This summer, spend some time saving the bees

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Summer is finally almost here! For most of us here at Boise State, that probably means going home to somewhere warm to swim, hang out on the beach and make the most of the three months we have before coming back to school. For others, it means the end of an era, and you’re likely to never come back here after graduating.

Regardless of which of those groups you fall into, we all have a responsibility to the environment. As many of you have probably heard over the last couple of years, bees are dying at an alarming rate. Most of us might think that this isn’t a huge deal. Bees sting, they’re loud and they don’t do much good, right?

Actually, that’s wrong. Bees are the number one pollinator in nature, and without them, a good majority of foods we love so dearly (almonds, pumpkin pie) would disappear completely. This is a pretty scary thought. I think most of us can agree that we enjoy things like eating, which is all the more reason to find ways to support bees.

This summer, in the midst of all the other fun plans you may or may not have, I urge you to take some time to save the bees. There are a few ways you can accomplish this task.

The first is fairly simple: stop using pesticides that contain neonicotinoids. Neonicotinoids are a class of insecticide that targets the nervous system of insects, essentially paralyzing them. This issue has contributed significantly to what scientists are calling “colony collapse disorder.” Between 2015 and 2016 alone, the United States lost 44 percent of its colonies, demonstrating the extent to which this problem has spread. The easiest way to accomplish this goal is to not use pesticides made by Bayer. Bayer is the company that most prominently features neonicotinoids in their products, and stopping them from making a profit of environmental degradation is a huge step in saving the bees.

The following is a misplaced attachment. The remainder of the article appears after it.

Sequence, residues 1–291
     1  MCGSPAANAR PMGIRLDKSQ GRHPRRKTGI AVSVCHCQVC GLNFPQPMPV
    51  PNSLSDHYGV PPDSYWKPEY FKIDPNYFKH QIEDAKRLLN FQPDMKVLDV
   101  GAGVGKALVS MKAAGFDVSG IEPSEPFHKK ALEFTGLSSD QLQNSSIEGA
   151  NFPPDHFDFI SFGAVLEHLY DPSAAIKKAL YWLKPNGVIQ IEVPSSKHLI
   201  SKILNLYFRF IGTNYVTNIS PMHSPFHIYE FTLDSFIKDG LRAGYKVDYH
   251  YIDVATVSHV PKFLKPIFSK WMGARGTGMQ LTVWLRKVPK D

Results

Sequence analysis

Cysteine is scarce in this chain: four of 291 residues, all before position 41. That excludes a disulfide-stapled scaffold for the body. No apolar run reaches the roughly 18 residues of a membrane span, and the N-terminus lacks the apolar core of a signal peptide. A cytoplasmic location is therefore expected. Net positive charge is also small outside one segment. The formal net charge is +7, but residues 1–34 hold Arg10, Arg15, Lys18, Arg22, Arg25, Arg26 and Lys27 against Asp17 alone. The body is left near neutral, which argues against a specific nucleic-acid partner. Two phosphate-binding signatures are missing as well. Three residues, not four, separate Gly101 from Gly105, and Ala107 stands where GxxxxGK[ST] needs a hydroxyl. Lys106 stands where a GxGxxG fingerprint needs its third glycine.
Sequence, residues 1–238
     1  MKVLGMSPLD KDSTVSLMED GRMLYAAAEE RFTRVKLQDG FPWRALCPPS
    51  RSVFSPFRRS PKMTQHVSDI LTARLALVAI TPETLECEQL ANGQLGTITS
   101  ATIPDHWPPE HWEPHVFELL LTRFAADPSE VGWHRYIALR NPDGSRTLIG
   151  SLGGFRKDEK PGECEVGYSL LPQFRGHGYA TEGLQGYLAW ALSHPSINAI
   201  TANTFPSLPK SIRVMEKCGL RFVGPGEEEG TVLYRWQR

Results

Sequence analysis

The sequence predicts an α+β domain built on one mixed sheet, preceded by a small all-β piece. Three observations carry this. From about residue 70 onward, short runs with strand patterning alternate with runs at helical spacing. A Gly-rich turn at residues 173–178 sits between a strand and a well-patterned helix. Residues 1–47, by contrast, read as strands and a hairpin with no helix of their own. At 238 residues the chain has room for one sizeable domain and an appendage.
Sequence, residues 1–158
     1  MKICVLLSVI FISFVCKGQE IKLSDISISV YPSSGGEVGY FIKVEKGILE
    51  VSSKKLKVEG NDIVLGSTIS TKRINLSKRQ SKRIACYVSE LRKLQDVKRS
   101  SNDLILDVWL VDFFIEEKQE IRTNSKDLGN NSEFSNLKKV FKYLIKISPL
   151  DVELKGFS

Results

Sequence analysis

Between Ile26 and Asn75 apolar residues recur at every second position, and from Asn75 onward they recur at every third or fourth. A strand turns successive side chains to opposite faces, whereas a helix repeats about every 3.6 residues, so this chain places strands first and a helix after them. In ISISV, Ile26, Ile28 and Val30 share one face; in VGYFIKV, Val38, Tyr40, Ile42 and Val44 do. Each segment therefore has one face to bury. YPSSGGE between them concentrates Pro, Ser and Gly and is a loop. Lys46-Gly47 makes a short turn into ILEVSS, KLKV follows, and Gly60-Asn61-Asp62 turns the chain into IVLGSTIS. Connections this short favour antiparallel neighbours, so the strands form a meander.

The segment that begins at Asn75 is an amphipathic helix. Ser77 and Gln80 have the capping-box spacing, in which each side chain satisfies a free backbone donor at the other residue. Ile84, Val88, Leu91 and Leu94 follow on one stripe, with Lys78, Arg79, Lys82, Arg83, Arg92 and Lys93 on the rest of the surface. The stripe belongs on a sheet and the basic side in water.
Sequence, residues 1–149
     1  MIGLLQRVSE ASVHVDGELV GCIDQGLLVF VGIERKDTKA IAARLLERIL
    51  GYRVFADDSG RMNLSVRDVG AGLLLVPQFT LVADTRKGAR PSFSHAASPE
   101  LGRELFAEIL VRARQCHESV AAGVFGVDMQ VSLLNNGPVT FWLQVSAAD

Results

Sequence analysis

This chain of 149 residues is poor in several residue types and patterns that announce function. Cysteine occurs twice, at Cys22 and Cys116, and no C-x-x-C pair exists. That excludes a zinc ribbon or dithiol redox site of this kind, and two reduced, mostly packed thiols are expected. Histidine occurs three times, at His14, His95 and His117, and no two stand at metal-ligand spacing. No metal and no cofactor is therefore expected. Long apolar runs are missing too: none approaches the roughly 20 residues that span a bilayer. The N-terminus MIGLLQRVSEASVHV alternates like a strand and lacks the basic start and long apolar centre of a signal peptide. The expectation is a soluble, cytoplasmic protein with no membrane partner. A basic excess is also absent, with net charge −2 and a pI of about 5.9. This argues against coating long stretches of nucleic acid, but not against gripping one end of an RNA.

The second thing you can do is plant a garden! That step might also sound easy, but there are a few caveats to consider before going all in on some vegetables. In order for your garden to save the bees, it has to include flowers that are native to your region. The bees in your area have already adapted to pollinate these plants, and it’s a major source of food for them. Additionally, planting flowers not from your region will kill off the flowers that are good for bees. When these non-native species of flower are introduced into your gardens, they invade the ecosystem and damage the well-being of the native flowers. Take into consideration the things you’re planting before you plant them, and do research on what things are ok to plant in your area.

It’s ok to have some fun this summer. Having fun and being environmentally conscious, however, shouldn’t be separate from one another. This summer, have some fun planting a garden or taking down pesticide corporations with your friends, and save the bees while doing it.


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